favorite photo printer?

livvyandbellaDecember 22, 2006

I would like to purchase a printer to print photos.
Does anyone have a favortie. Their are so many different ones out there.
Thank you.

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Hi Barb,

There are a couple different technologies in use for photo printers. Most consumer grade printers are inkjet printers. The secondary technology which you see particularly in some of the smaller format printers is dye-sublimation.

What you need to consider is:

1. Picture quality.
2. Qperating costs.
3. Image stability.

The image stability of some of these materials falls into the "don't blink" category -- in other words the prints fade really fast. There are printers out there that make prints that fade in less than a year. At any cost these are a waste of money. So let's start here. Henry Wilhelm is THE authority on the fade resistance of inks, dyes, etc. used in the art world. Avoid buying any printer from a manufacturer that does not cooperate with Wilhelm Research (see link below) in determining the durability of their materials.

Look over Henry's site for detailed info on this topic. When you buy a printer you should know what Henry has determined is the life expectancy of prints from that printer. If Henry hasn't determined it you should assume the worst.

I've paid attention to Henry's work for years and can give you this quick synopsis: Most of the smaller dye-sub printers available now do a poor job when it comes to image stability. A few years ago Canon was not fully cooperating with Henry, but they have been recently and their newest inks are getting good marks. Epson has taken this issue most seriously and done the most to create fade resistant materials. Many of the re-fill inks available out there fall into the "don't blink" category.

Among the inkjets Canon, Epson and HP are competitive in the quality category and lead the industry. All three make beautiful prints. I've been using Epson for years now -- my decision was made earlier on and fade resistance was the tipping point for me. A secondary quality issue is B&W. Most of these printers are designed for color and make gosh awful B&W prints. If you think you want to do any B&W you're going to want to look at the higher end Epson or Canon printers that are designed for B&W. One of my friends (professional photographer) just bought the new Canon printer and is very happy with both it's color and B&W results.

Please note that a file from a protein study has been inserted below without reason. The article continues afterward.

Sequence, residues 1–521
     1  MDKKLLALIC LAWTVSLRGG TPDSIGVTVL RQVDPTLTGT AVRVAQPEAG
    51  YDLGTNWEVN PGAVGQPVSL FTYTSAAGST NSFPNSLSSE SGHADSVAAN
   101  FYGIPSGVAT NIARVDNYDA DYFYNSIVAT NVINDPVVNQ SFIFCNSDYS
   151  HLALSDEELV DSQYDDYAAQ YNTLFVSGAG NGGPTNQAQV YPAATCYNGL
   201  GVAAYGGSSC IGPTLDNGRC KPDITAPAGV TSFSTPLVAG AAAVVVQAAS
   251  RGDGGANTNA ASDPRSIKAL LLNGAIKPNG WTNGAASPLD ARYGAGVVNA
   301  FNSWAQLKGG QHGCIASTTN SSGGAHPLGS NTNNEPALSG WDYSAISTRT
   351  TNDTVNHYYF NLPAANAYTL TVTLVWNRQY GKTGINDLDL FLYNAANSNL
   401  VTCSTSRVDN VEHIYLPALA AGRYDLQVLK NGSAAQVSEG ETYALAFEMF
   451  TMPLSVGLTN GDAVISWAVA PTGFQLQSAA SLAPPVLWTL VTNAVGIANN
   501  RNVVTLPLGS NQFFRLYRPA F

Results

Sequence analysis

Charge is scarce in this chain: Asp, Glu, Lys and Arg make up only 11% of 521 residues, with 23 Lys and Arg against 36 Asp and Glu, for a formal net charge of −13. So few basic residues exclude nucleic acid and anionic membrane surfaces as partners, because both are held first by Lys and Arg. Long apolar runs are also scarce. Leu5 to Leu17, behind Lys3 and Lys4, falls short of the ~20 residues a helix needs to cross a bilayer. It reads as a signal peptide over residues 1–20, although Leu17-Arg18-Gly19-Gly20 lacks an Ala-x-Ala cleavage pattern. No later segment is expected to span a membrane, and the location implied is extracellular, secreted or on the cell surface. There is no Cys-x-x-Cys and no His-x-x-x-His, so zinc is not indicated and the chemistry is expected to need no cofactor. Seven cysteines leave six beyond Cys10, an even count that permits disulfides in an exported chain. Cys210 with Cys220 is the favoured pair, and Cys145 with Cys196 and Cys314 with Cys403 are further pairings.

Given item 2 above the purchase cost of the printer can be a minor consideration. At $10-12 each for a photo printer that takes 8 ink cartridges we're talking about $90.00 to load it with small quantities of ink.

So once you get past quality and stability you want to look hard at the operating cost of the printer. The loser in this category is Epson with the edge to Canon and HP. They all cost too much to run and you need to look at this hard because there's no sense buying a printer you can't afford to buy ink for.

Good luck shopping.


Here is a link that might be useful: wilhelm research

    Bookmark   December 22, 2006 at 1:18PM
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Also pcworld does a decent job of reviewing printers once you have narrowed it down. I have an Epson that does great color photos, but as Firwire pointed out the B&W are a different category. I go ahead and use a the pro printer here in town for those.

How much do you what to spend?


    Bookmark   December 22, 2006 at 3:41PM
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Thank you so much for all the information Joe. I do mostly color, I will look into the Epson.

    Bookmark   December 26, 2006 at 7:52PM
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Thanks for this post! I have been wanting to get on also. I have been waiting on that also until I pay off a few other 'Wants I could not live without!' LOL. I sure do like the wide varity of information here. YOu all do a great job for us kind of new into the photo world.

    Bookmark   December 26, 2006 at 10:06PM
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I am one of the few who does not want to mess with printing my own photos, would much rather spend the time on something else and not have another piece of equipment sitting around. I would rather put the money into a good scanner I read about. When you consider the calibration, ink, paper, extra work, you don't save much, if anything. There are so many reasonable places out there that use quality paper, do excellent work and have good turnaround time at really good prices. I use White House Custom Colour, am very happy with them, but a lot of people are recommending Costco (among others).

    Bookmark   December 27, 2006 at 12:41PM
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